The Girl On The Train
Adapted from Paula Hawkins novel by Rachel Wagstaff and Duncan Abel
Simon Friend , Amblin Partners and Josh Andrews
Opera House, Blackpool
After the best-selling book and an award-winning film, you might be forgiven for thinking there was a limited number of away day tickets for a theatre adaptation of The Girl On The Train.
Proving otherwise comes this concise, efficient reworking, by Rachel Wagstaff and Duncan Abel, that runs smoothly on rails of its own making. This is its last stop on an extensive tour.
Samantha Womack plays the generally-inebriated central character, Rachel, left to travel by train too often when her addiction loses her a job. After learning that a woman she sees from her rail carriage each day has suddenly disappeared, she’s drawn into a murder mystery.
That initial premise—about just what is repeatedly seen from a moving train—might not be the best starting point for the stasis of a stage version. Especially for a story that also dabbles in what might be real, or imagined, in the psyche of a disturbed woman, and also relies on flashbacks throughout the plot. But by smart use of design, lighting, sound and other theatre trickery, it is smoothly conceived and remarkably effective.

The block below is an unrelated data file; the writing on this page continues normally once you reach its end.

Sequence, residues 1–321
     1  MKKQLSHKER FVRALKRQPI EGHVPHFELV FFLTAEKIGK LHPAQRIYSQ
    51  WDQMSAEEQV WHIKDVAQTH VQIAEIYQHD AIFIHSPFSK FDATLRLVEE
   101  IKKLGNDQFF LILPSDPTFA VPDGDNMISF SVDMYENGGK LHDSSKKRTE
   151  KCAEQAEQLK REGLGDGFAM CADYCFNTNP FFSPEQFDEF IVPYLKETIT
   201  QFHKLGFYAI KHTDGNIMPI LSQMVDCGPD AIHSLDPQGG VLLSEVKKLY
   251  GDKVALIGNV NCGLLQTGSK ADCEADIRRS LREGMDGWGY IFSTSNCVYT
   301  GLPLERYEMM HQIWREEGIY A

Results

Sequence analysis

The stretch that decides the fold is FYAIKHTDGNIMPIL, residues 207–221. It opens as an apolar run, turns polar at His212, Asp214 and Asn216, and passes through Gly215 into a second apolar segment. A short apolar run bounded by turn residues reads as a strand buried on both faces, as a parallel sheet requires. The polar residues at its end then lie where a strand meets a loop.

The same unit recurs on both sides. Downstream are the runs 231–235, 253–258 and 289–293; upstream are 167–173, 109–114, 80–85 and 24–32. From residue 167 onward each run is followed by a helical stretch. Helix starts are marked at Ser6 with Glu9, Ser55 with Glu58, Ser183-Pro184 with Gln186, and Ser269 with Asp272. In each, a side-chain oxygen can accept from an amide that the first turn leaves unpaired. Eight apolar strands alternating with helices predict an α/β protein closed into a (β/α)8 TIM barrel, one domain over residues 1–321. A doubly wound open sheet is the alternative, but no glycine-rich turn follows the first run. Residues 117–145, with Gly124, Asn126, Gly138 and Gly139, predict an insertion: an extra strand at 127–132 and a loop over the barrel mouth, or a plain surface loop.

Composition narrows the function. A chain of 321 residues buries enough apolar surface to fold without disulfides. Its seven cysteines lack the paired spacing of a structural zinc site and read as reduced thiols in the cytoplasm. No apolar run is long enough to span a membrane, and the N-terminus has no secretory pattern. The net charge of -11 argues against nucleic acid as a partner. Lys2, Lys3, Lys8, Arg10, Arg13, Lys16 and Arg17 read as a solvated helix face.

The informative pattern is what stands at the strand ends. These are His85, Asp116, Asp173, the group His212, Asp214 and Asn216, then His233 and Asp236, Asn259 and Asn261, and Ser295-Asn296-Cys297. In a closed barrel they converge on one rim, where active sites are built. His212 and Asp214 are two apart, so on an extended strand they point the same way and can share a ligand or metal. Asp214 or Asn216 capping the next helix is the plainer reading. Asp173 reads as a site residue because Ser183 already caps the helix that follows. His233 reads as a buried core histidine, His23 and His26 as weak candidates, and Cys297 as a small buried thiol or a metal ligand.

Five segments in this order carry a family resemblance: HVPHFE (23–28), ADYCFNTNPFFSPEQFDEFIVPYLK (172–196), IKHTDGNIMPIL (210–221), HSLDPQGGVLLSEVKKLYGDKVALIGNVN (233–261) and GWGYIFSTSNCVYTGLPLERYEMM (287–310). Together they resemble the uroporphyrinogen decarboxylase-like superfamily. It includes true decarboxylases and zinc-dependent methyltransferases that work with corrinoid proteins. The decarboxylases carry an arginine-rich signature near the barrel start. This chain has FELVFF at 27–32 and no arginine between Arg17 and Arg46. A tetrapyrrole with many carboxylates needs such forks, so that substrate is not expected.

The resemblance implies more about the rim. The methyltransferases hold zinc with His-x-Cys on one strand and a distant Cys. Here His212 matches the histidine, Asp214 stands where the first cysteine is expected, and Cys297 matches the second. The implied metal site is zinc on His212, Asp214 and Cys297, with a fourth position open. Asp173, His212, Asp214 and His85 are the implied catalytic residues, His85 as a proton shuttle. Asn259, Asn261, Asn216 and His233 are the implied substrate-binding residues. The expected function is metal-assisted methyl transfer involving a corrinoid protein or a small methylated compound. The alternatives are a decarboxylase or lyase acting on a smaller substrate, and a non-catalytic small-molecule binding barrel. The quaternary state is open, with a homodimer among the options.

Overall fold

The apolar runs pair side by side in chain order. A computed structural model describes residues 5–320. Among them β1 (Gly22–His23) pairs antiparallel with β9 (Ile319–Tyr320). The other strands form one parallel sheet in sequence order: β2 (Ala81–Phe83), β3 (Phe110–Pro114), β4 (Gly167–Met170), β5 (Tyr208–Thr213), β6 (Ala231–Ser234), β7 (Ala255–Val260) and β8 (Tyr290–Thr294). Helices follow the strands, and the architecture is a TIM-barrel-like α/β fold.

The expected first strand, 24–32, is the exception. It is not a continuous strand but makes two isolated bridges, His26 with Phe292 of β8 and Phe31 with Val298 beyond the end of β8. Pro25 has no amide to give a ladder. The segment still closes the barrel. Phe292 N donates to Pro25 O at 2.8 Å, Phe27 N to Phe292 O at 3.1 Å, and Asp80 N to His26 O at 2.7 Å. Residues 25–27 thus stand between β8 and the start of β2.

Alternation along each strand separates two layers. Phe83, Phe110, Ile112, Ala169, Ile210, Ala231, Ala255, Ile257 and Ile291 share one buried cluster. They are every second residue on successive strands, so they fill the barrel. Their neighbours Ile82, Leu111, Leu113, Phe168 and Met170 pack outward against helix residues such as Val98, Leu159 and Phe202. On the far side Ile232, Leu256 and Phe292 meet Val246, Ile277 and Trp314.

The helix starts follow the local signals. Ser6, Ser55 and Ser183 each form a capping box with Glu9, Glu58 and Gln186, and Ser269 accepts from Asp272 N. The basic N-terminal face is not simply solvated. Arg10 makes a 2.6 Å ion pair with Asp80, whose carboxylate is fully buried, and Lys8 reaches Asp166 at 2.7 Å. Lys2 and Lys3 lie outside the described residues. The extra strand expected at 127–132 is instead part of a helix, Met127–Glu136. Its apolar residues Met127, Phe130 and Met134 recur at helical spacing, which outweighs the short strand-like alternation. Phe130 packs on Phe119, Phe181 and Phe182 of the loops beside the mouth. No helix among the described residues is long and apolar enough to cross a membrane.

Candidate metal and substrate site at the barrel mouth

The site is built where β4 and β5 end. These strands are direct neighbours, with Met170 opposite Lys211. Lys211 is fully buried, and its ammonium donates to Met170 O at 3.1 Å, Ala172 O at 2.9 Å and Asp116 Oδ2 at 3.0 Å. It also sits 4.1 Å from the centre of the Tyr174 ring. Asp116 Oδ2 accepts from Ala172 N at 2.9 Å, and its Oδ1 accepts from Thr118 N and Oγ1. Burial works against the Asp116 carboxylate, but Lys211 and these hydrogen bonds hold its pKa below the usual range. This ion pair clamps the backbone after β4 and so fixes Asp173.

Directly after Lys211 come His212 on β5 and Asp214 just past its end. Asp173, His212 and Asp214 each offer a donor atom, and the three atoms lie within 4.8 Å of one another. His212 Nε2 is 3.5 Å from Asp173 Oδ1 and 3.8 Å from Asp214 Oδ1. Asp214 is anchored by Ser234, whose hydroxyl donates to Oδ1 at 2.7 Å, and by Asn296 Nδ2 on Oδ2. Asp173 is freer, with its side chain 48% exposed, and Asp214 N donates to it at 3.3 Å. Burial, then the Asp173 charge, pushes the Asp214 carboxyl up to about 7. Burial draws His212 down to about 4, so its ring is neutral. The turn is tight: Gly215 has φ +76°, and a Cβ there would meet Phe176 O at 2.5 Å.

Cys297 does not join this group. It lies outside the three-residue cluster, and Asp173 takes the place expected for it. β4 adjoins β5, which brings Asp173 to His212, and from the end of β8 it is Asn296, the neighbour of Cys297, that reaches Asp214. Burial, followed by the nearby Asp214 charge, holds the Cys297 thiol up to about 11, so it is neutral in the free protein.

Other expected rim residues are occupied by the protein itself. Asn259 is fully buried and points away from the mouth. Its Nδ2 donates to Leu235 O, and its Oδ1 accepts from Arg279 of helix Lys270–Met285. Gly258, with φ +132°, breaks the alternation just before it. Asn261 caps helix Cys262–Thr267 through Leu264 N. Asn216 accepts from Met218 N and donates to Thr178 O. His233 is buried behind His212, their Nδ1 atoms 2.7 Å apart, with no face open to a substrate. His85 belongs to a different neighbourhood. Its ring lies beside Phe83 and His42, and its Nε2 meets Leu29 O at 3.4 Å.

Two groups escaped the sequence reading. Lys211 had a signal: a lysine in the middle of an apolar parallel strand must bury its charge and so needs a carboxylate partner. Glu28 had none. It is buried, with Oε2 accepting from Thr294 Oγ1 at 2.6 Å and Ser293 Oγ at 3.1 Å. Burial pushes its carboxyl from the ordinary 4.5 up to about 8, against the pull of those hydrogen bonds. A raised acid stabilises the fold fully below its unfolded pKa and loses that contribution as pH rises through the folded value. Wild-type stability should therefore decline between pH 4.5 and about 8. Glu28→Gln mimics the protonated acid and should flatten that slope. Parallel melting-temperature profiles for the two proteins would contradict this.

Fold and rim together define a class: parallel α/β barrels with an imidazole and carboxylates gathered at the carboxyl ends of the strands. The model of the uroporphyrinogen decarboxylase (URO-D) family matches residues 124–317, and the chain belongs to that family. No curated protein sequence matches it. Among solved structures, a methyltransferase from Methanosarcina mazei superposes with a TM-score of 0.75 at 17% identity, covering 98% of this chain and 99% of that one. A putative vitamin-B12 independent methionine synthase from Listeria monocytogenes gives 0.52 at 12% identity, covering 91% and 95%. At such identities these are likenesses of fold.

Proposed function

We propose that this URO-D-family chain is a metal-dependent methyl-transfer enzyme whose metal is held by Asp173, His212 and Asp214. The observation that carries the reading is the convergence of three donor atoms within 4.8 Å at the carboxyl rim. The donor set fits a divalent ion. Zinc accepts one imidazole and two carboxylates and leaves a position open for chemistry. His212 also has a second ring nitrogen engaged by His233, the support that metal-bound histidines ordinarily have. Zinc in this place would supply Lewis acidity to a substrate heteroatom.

Like the book, it’s a page turner.
Using a fraction of this venue’s immense stage space (it’s often a long walk off from the set design to answer a door!) Jack Knowles has designed any number of plausible settings. The vast auditorium here adds its own unintended echo effects but they are less of a hindrance than the occasional tendency to add mood music behind several key passages of dialogue. It’s enough of a distraction on television without now creeping all over theatre work as well.
Womack is accomplished as a woman manipulated, disbelieved and dishevelled. Not an easy character to earn audience approval. This role, and other recent musical theatre appearances, provides credentials well beyond Eastenders.
Reviewer: David Upton